Enabled by the foresighted establishment of a townhouse district along Cedar Road in 2003, developer Jason Friedman has proposed a 40-unit complex of duplexes on eight acres just east of Brainard Road. He envisions homes ranging in size from 1,900 to 2,500 square feet and in price from $350,000 to $500,000. This proposal follows one led by the Orlean Co. that would feature 42 condominiums about a half mile farther east.     

     Mayor Richard Bain expressed support for both projects, saying they are evidence that "Pepper Pike remains a premiere location for high-end home construction."     

     Speaking of high-end housing, though, few can compare to the 55,000-square-foot Roundwood Manor mansion that has been on the market since 2002 in Hunting Valley's prestigious Daisy Hills subdivision. Situated on about 7.7 acres, the mansion was even larger at 90,000 square feet when it was transformed in 1928 from a barn by the famed Van Sweringen brothers.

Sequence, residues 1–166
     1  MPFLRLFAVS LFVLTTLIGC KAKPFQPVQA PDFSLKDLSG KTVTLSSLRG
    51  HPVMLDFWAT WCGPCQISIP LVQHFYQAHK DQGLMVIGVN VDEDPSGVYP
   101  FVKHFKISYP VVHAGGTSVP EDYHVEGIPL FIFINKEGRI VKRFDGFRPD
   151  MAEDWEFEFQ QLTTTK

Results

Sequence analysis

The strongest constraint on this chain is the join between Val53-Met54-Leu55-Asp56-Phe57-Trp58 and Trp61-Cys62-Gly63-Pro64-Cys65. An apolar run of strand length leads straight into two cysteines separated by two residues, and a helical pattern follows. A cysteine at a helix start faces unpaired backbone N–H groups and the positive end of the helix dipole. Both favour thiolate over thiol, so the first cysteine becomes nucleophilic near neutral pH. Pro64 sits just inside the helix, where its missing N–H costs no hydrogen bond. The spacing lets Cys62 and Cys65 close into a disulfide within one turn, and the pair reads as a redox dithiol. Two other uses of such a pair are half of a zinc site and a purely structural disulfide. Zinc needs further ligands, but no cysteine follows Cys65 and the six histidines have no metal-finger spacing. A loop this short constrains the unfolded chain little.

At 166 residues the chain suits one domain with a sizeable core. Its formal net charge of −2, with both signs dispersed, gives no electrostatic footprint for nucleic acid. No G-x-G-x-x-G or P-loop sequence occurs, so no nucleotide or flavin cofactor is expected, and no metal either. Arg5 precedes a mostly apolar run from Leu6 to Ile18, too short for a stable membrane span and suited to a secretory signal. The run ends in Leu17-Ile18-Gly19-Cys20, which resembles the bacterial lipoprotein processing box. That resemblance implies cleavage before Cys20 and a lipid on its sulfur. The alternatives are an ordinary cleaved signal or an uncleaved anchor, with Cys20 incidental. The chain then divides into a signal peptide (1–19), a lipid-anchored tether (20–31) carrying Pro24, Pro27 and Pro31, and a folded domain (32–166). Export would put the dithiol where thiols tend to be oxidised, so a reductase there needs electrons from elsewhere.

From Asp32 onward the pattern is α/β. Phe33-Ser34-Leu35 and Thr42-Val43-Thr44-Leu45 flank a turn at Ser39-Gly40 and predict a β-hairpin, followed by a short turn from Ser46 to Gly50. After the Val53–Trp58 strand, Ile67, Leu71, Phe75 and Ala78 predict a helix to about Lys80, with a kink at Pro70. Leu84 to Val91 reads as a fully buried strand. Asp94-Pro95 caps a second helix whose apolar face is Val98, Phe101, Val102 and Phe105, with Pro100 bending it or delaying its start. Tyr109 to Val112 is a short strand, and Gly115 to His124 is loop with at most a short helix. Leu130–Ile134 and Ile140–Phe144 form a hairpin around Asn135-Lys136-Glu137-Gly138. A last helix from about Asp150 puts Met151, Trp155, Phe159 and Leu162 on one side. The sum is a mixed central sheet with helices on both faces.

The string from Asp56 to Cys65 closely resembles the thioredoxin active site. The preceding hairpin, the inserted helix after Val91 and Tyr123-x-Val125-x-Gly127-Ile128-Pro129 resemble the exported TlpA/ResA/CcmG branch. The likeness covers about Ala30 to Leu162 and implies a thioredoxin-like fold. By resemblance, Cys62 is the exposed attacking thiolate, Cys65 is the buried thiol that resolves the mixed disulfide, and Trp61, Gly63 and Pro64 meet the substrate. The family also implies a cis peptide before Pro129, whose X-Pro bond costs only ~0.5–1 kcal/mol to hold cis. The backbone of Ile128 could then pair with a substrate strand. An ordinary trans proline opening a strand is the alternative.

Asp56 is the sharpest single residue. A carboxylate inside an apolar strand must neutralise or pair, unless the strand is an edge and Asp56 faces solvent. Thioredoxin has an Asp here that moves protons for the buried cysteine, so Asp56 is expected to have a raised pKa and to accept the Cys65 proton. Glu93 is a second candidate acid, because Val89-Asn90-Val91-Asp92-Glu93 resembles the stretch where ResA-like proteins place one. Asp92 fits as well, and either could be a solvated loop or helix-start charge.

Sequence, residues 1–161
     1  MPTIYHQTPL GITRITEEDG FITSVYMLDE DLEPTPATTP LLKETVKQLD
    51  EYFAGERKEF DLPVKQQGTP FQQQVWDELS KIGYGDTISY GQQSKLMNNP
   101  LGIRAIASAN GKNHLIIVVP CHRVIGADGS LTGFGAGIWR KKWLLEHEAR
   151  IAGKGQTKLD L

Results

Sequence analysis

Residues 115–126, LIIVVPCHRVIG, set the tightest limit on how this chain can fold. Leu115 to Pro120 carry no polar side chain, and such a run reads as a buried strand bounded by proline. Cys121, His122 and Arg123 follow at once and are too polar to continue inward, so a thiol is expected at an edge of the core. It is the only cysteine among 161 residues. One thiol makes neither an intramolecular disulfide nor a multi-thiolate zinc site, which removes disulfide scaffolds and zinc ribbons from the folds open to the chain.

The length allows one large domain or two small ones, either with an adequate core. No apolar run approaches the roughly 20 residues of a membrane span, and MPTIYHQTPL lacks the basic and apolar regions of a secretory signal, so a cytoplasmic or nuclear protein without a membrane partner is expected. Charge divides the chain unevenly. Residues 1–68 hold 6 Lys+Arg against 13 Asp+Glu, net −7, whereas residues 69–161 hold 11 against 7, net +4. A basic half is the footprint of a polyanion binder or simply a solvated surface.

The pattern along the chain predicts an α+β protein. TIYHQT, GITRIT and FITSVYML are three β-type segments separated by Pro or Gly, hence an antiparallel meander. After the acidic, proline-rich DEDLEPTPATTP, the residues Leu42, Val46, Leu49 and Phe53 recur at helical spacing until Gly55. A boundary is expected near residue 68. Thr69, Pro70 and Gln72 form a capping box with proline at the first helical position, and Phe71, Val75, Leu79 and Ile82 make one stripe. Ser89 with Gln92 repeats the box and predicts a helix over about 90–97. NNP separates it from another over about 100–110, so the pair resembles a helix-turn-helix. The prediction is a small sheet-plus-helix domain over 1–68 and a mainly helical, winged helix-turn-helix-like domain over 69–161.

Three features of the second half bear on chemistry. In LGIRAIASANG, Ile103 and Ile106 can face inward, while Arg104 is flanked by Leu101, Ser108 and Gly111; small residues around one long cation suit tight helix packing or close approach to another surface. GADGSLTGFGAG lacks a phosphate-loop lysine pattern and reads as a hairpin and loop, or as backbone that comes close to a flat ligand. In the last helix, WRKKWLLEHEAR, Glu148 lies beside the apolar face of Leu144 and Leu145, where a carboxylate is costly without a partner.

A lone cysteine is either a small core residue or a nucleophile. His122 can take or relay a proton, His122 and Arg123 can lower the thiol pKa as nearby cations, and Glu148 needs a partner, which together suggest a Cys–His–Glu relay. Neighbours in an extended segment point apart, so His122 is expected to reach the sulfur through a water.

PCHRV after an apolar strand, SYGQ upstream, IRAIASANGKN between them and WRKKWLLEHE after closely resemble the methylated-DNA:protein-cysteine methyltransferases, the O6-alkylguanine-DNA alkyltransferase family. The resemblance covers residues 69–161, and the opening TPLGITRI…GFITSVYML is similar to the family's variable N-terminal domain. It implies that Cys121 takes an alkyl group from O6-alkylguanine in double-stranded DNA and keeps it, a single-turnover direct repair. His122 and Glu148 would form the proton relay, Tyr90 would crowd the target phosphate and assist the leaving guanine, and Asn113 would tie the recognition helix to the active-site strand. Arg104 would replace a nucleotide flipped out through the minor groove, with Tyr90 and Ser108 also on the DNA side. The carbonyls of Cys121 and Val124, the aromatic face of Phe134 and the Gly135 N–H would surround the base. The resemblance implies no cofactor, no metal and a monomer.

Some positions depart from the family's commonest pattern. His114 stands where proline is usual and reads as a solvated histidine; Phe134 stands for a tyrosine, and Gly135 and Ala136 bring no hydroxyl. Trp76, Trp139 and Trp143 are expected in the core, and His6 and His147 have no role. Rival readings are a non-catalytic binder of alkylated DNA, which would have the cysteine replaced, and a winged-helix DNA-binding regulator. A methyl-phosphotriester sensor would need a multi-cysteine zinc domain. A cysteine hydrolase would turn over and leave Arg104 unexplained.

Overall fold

Owner Sylvia Korey, who has lowered the asking price from $7.5 million to $4.5 million but still sees little prospect of finding a single buyer for the iconic home, is advancing a new concept of converting it into seven condominium units. There is some precedent for such solutions that have preserved other historic estates. Hunting Valley Councilman William J. O'Neill Jr. believes it would be a good fit for the village.     

     But it would need approval from the Daisy Hill Homeowners Association, and its five-member board of trustees unanimously rejected it.     

     Mr. O'Neill expressed concern that aging Hunting Valley residents do not have a place to downsize within the village that has long been their home and said Ms. Korey's proposal "is really a perfect solution."